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Am J Geriatr Psychiatry. 2012 Sep 26. [Epub ahead of print]

The Effect of Subsyndromal Symptoms of Depression and White Matter Lesions on Disability for Individuals With Mild Cognitive Impairment.

Author information

  • 1From the Center for Imaging of Neurodegenerative Diseases, Veterans Administration Medical Center (RSM, PI, DT, SGM, NS, DT-S, STR, J-YL, MWW), Department of Psychiatry, University of California (RSM, MWW), Department of Radiology, University of California (DT, SGM, NS, MWW), and Department of Medicine, University of California (MWW), San Francisco, CA; Mayo Clinic, Diagnostic Radiology, Rochester, MN (CRJ); Department of Neurosciences, University of California, Davis, CA (PSA); and Department of Neurology, Mayo Clinic College of Medicine, Rochester, MN (RCP).

Abstract

OBJECTIVE:: To assess the effect of subsyndromal symptoms of depression (SSD) on ratings of disability for individuals with mild cognitive impairment (MCI). METHODS:: Data from 405 MCI participants from the Alzheimer's Disease Neuroimaging Initiative (ADNI) study were analyzed. Participants were evaluated at baseline and at 6-month intervals over 2 years. Severity of depressive symptoms was rated utilizing the Geriatric Depression Scale. Disability was assessed utilizing the Functional Assessment Questionnaire (FAQ). Other clinical variables included white matter lesion (WML) and intracranial brain (ICV) volumes derived from magnetic resonance imaging, ratings of overall cognitive function (Alzheimer's Disease Assessment Scale, ADAS), and apolipoprotein E (ApoE) status. Demographic variables included age, education, and gender. RESULTS:: SSD individuals had a lower volume of WML and higher frequency of ApoE [Latin Small Letter Open E]4 alleles than nondepressed participants but the two groups did not differ with respect to other clinical or demographic variables. At baseline, SSD individuals were 1.77 times more likely to have poorer FAQ scores than individuals with no symptoms of depression after controlling for the effect of cognitive functioning, ICV, WML, and ApoE status. The presence of SSD at baseline was not associated with a poorer course of disability outcomes, cognitive functioning, or conversion to dementia over 24 months. CONCLUSIONS:: SSD demonstrated a significant impact on disability for MCI individuals, who are also at high risk for functional limitations related to neurodegenerative disease. Therefore, the treatment of SSD may represent a significant avenue to reduce the burden of disability in this vulnerable patient population.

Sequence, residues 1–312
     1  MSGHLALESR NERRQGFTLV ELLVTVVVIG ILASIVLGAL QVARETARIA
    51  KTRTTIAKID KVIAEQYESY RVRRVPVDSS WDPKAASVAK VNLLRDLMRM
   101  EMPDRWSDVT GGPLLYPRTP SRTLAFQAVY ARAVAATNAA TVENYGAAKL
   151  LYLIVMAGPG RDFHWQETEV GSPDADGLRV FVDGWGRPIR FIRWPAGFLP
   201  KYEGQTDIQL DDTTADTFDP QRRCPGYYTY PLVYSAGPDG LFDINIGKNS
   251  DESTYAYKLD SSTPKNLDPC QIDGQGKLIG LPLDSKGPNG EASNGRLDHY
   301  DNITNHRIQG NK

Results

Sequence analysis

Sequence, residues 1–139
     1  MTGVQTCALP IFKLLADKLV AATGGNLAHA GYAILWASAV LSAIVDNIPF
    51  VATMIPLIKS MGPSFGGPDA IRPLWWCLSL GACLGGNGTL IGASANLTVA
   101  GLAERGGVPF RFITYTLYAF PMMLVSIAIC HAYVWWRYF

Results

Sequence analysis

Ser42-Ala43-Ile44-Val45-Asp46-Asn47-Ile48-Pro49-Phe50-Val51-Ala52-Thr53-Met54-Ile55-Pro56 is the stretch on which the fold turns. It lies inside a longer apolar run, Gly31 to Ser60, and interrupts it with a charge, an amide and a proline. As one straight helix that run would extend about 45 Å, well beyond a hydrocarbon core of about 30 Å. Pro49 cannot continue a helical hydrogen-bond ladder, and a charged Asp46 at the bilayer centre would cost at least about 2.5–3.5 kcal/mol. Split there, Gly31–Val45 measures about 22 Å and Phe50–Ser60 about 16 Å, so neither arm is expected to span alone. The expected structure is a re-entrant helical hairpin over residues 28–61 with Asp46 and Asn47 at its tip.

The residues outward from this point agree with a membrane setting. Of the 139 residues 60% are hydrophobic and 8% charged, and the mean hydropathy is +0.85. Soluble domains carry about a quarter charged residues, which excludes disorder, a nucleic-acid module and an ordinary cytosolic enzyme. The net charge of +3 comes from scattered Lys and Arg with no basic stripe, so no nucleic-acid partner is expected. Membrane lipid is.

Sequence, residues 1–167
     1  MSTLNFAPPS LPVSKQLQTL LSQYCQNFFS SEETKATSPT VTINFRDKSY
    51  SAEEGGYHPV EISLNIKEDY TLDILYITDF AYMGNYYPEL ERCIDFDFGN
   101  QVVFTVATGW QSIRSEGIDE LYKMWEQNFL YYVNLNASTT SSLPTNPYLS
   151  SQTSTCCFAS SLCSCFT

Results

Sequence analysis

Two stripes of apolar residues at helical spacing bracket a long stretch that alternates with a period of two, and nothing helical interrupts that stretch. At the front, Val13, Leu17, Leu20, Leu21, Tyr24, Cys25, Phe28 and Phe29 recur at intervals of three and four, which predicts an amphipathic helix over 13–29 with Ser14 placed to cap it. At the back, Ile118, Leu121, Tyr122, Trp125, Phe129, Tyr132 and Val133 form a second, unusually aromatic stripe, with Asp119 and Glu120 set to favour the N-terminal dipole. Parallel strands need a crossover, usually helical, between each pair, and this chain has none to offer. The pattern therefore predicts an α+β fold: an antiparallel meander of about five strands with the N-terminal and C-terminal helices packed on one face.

PMID:
23018473
[PubMed - as supplied by publisher]
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